Structure, Function and Expression of the CEA Gene Family: Diagnostic and Therapeutic Implications
During the search for biochemical differences between tumorous and corresponding normal tissues a quarter of a century ago, the carcinoembryonic antigen (CEA) was found in colonic tumors, but not in normal colonic mucosa (Gold and Freedman 1965; von Kleist and Burtin 1966). With the development of more sensitive analytical methods, CEA and most other “tumor-specific” markers were also detected in normal tissues or in sera of individuals without tumors (for review see Shively and Beatty 1985). Despite this fact, CEA is widely used for the monitoring of tumor patients for recurrence of malignant disease after surgery (Fantini and DeCosse 1990). A continuous rise in the CEA concentration in serum, detected by serial determinations, is an indicator of tumor regrowth or metastasis in patients with adenocarcinomas of the colon, rectum, breast, lung and pancreas. Since an increase of the CEA concentration is often observed before other clinical symptoms are obvious, early therapeutic measures can be taken (e.g., “second-look” surgery in patients with colorectal tumors (Fantini and DeCosse 1990)). However, the diagnostic value of CEA, e.g., for early detection of primary tumors by routine screening, is limited due to the low sensitivity and specificity of CEA measurements. Therefore, in general, only patients with advanced malignant disease show increased preoperative CEA serum concentrations.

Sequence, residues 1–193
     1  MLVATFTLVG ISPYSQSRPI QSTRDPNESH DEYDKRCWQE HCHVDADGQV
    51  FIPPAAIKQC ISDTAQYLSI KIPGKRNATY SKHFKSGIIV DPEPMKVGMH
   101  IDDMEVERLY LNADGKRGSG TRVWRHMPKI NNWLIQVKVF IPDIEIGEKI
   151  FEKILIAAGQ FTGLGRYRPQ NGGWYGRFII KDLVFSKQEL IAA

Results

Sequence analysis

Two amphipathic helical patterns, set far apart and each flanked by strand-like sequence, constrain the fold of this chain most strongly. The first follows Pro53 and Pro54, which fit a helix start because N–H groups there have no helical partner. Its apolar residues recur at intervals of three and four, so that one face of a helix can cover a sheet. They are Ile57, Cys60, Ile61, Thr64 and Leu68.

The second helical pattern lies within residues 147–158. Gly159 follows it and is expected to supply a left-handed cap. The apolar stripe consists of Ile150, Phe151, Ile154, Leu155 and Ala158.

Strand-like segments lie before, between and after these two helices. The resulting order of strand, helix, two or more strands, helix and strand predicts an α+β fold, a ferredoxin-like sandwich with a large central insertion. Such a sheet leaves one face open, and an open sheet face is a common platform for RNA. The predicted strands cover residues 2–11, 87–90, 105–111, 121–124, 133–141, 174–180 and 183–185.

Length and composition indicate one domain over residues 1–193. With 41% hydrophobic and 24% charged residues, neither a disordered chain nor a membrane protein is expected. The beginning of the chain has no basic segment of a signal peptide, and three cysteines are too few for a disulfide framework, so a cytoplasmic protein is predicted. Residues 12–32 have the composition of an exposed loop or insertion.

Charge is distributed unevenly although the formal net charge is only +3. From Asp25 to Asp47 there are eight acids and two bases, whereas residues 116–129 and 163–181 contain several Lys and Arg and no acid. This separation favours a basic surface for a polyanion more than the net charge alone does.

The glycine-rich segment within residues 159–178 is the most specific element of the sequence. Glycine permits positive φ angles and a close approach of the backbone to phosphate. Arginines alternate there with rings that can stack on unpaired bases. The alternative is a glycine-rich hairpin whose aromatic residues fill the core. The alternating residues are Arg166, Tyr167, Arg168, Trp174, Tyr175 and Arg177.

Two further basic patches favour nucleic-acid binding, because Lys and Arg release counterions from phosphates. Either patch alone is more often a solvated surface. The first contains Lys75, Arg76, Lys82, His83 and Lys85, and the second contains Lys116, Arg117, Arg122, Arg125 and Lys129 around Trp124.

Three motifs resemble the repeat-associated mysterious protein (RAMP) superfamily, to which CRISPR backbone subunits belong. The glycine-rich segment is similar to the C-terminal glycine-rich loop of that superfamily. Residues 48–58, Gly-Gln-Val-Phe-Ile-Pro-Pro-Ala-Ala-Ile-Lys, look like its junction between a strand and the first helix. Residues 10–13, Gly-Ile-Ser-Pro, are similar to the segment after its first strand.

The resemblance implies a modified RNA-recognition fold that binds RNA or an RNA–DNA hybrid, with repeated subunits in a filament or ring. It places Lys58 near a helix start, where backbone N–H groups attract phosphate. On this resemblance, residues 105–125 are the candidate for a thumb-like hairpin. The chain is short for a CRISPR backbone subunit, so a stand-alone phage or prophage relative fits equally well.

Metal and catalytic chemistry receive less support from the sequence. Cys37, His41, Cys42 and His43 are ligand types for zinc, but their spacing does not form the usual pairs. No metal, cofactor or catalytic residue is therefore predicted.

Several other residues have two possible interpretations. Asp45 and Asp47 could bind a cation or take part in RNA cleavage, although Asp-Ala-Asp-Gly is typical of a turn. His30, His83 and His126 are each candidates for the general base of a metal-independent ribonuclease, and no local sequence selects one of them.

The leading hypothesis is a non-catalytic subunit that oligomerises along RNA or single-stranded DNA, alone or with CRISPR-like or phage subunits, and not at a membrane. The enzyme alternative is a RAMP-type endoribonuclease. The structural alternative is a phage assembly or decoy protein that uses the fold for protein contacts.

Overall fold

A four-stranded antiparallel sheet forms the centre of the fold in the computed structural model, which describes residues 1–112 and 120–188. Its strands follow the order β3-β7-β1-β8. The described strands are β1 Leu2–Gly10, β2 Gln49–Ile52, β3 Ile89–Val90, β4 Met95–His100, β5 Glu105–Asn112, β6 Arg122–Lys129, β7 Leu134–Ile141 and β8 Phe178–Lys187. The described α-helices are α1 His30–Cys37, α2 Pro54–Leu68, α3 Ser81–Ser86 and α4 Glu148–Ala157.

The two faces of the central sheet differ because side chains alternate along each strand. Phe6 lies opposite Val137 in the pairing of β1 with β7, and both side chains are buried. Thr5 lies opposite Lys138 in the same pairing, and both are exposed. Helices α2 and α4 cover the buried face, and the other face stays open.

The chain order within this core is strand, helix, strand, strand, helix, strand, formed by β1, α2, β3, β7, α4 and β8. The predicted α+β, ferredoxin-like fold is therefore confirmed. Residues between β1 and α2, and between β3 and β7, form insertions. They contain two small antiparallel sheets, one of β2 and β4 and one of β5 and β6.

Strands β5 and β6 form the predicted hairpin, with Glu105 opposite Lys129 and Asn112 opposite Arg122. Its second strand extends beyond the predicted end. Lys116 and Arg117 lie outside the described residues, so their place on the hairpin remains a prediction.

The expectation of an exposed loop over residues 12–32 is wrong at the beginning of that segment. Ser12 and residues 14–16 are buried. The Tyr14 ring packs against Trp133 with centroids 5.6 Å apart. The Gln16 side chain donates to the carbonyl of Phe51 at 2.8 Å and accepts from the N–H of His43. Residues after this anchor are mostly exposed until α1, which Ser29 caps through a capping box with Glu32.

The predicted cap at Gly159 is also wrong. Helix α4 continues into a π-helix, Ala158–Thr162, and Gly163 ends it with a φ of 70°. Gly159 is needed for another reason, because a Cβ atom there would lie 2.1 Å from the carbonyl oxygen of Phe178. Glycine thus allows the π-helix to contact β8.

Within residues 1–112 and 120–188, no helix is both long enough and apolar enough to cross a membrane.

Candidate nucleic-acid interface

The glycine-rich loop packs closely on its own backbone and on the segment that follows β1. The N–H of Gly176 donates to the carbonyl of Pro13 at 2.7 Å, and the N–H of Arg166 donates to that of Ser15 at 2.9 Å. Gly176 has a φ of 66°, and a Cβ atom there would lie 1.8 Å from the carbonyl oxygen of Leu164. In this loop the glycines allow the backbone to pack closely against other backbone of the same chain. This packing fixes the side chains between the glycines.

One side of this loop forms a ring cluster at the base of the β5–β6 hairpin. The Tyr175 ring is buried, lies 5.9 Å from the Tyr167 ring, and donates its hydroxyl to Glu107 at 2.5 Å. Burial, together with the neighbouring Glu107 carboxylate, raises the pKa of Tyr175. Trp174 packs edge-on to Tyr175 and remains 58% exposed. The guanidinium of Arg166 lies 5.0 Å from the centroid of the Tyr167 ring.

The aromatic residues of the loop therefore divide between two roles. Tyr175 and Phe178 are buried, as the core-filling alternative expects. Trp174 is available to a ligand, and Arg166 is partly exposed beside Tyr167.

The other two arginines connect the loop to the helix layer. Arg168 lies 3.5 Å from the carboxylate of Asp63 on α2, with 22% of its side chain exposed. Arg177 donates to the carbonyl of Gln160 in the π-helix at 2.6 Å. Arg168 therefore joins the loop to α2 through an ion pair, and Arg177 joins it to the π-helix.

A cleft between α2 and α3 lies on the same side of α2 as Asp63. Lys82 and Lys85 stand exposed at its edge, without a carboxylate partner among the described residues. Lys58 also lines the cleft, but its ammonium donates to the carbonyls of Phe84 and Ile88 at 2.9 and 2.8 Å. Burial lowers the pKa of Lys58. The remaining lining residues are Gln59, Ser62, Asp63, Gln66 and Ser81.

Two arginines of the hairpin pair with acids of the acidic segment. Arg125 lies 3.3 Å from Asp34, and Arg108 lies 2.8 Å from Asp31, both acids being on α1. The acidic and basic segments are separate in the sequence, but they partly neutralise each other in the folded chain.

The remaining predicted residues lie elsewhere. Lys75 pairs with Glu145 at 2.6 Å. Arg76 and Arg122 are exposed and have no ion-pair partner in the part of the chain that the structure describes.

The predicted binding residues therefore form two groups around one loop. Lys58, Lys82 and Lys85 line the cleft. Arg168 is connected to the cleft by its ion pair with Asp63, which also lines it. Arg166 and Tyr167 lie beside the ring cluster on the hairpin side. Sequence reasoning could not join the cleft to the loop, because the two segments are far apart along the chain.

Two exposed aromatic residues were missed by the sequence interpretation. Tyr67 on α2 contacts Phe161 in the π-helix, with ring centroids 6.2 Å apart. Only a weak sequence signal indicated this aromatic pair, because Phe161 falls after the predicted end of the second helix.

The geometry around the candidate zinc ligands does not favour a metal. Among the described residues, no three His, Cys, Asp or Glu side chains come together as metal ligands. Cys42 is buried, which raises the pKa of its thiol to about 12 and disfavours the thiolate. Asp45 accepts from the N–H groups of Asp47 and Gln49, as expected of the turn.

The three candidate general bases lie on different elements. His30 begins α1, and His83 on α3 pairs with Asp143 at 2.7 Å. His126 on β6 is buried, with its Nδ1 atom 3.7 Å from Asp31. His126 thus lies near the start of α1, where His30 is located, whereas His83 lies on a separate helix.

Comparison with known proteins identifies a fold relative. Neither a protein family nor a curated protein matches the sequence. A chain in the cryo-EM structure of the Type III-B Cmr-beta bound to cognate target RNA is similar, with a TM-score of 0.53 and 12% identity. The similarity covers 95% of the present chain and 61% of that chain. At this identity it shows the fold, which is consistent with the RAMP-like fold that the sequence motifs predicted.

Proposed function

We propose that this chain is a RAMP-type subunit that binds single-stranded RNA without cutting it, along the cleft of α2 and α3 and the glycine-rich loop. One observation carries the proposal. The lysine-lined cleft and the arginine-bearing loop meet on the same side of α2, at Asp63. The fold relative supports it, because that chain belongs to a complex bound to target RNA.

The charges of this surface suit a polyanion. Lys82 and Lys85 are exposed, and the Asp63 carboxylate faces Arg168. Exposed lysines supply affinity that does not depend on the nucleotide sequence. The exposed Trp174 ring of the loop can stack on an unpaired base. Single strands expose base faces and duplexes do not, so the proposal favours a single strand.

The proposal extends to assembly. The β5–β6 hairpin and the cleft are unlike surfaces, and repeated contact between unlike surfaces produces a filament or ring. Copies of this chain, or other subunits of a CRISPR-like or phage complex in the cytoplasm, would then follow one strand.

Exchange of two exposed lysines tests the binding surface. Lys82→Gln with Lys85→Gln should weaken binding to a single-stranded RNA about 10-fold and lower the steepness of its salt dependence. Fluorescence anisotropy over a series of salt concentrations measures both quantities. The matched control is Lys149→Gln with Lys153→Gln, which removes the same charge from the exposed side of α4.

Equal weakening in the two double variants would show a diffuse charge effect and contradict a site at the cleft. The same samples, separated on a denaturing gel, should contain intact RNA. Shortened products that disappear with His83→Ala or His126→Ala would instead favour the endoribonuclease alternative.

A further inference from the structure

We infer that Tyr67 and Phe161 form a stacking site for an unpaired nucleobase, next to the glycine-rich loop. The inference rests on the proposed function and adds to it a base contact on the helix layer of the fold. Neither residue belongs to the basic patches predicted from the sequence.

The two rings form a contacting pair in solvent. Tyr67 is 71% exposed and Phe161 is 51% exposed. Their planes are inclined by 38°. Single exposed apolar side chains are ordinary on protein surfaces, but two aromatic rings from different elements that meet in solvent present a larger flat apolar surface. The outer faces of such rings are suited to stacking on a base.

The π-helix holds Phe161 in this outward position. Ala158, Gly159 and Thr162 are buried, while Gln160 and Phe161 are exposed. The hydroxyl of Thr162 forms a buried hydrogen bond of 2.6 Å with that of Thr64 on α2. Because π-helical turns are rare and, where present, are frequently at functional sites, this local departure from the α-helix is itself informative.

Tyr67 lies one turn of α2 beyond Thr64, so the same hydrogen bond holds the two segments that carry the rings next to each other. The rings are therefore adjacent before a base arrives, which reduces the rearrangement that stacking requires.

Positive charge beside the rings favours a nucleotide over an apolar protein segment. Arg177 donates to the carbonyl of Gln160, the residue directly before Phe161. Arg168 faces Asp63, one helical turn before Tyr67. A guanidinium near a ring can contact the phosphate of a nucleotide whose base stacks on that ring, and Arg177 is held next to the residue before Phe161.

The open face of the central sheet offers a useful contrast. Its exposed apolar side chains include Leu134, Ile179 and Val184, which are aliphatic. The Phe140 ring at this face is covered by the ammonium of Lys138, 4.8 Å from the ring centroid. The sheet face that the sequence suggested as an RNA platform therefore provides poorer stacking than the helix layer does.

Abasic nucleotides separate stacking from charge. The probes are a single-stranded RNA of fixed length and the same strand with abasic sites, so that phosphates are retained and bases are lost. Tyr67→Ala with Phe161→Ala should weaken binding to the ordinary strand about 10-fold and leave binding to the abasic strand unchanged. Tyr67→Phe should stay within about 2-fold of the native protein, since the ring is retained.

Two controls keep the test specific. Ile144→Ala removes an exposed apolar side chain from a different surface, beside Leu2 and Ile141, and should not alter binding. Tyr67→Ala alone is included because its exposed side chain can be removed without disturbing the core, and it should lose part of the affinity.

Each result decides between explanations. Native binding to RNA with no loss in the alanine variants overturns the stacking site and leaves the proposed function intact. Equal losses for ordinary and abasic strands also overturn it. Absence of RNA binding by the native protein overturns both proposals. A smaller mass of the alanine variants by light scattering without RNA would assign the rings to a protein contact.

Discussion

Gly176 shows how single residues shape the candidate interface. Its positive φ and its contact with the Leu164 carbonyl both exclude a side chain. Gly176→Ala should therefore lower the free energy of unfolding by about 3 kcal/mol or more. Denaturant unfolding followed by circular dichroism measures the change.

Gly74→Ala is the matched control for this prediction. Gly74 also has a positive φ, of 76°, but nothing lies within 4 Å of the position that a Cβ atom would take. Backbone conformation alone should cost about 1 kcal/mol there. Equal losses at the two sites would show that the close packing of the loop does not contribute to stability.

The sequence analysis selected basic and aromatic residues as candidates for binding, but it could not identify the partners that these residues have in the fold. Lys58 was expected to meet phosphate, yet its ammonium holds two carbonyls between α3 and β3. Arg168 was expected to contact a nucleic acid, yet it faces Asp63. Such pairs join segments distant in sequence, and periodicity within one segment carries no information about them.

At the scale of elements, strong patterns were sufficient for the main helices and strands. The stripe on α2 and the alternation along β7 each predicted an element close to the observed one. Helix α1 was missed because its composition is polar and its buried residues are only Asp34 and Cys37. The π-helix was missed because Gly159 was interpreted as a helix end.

KeywordsCarcinoembryonic Antigen Immunoglobulin Supergene Family Mucinous Ovarian Carcinoma Calcium Dependent Cell Adhesion Molecule Early Therapeutic Measure
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